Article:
The following morning, one of the residents told me she was about to drive there, and asked if I’d like to come. Of course I said yes, and we arrived at the monastery at around 11 a.m., just as a long retreat was finishing. It was on a forested hillside, and we instantly felt a very different energy there, powerful but gentle, very peaceful. We met a woman from Wisconsin who, by coincidence, was about to become the spiritual mentor of the person I’d travelled there with. She took us on a tour of the area, and showed us the spot where Trungpa’s funeral occurred during which thousands reported seeing a horizontal rainbow appear on a sunny day quite free from rain.

As we walked away, our guide said something which encapsulated the thoughts I’d been having since arriving in America few weeks ago. ‘The essence of our practice,’ she said, ‘is kindness — learning to embrace our essential goodness.’ This is exactly what I have come to believe. When we’re being kind, we’re happy in a way that’s free from grasping, in a way that, unlike sensual pleasure, cannot be transformed into misery.

There are four components to vipassana. 1) Sila, or morality, meaning not harming others 2) Samadhi, concentration, essential for awareness 3) Panna, the main technique whereby we undo the negative habit patterns of the mind 4) Metta bhavana, or loving-kindness. I’ve come to the conclusion that the last part is the goal, the core reason why we practice, to try, in every moment, to increase the flow of kindness and reduce the flow of unkindness. To do this, we have to do the others: avoid harming others, be aware of the contents of our minds, and reduce anger, fear, anxiety, and greed. Without question, meditation has enabled me to be kinder to myself and others, though I still find myself falling prey to unkind thoughts on a regular basis. And it’s far easier to be kind to others when they are kind to you, when life isn’t posing any real challenge, something I learned the hard way on June 23rd, when Britain voted to leave the European Union.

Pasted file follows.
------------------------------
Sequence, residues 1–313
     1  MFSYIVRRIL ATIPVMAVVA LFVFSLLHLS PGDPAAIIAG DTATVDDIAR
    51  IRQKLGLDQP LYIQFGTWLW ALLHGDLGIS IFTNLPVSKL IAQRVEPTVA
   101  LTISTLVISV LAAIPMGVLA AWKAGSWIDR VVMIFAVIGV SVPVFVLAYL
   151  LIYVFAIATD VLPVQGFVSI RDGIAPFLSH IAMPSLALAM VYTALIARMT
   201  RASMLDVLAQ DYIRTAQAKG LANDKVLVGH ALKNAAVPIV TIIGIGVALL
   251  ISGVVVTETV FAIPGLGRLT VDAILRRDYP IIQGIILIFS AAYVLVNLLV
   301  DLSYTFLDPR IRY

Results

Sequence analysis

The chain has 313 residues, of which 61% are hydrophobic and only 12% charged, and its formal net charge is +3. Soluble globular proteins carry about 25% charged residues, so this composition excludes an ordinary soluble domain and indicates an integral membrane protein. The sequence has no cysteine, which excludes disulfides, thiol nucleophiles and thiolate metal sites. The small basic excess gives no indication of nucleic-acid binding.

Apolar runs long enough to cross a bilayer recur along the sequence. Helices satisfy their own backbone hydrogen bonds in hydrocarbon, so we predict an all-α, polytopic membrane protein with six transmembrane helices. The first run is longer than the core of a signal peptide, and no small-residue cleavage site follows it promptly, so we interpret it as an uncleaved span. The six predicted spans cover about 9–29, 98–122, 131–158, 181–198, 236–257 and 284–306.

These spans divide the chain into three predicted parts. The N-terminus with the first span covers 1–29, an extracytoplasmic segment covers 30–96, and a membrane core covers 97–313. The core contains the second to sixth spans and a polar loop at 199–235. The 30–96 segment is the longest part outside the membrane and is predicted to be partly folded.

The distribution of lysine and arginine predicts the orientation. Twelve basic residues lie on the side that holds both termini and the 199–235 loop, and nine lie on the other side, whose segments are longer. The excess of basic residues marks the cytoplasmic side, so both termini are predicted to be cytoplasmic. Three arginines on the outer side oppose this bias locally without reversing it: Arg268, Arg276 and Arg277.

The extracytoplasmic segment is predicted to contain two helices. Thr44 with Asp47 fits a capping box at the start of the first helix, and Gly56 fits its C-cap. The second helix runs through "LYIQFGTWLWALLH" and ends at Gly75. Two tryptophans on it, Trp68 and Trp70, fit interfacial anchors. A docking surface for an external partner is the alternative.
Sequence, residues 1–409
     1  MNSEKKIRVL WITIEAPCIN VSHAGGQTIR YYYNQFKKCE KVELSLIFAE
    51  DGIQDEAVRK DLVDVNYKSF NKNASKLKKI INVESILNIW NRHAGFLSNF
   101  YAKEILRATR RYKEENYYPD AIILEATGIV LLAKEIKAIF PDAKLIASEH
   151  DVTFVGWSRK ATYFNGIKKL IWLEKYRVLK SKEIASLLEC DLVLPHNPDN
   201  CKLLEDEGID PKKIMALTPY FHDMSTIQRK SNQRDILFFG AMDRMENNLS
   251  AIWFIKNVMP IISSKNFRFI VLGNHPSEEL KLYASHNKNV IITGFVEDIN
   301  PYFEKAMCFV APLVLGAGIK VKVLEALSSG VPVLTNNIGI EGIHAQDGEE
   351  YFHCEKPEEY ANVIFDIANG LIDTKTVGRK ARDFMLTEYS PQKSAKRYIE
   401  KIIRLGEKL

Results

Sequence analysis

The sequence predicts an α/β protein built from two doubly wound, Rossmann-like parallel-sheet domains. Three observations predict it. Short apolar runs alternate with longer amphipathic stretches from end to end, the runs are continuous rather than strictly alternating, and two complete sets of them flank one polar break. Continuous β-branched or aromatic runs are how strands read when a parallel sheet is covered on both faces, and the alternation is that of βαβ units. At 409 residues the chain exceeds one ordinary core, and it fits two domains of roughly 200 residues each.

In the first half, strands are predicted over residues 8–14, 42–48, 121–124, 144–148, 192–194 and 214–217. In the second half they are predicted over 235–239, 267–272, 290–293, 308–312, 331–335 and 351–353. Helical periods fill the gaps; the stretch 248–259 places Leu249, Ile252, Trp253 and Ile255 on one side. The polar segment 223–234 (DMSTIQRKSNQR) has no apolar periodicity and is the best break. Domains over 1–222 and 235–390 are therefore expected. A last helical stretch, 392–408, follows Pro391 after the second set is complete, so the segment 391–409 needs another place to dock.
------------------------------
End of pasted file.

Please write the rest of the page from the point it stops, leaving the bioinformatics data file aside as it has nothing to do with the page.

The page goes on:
Like many others, I felt disgusted, disappointed, worried, and angry. As I’ve written before, I grew up experiencing the worst Britain has to offer, intense racism and xenophobia, hatred, rage,  cruelty, abusiveness, fear, ignorance, and unkindness. The Brexit vote brought it all back, all the trauma, all the bad memories. I did not post last Sunday because I was too full of rage. I’d have written ‘I HATE YOU’ a thousand times, which wouldn’t have been of much use to anyone. I joked later that I should probably have been in prison, so unhinged did I feel.

Amidst all the rage, however, I knew I had to stick to that core intention of being kind to myself and others. This meant not condemning myself for my anger, recognizing these feelings as understandable, as part of being human. Unfortunately, this meant seeking to extend that same understanding, that same kindness, to racists, xenophobes, hypocritical liberals, British nationalists, imperial apologists, unscrupulous journalists, mediocre politicians , Nigel Farage, Iain Duncan Smith, and Donald Trump. This was harder. It is far harder to be kind to someone you feel threatened by, or who you feel has done you wrong. But most of the time, at least, I have the intention, and this is something I won’t let go of.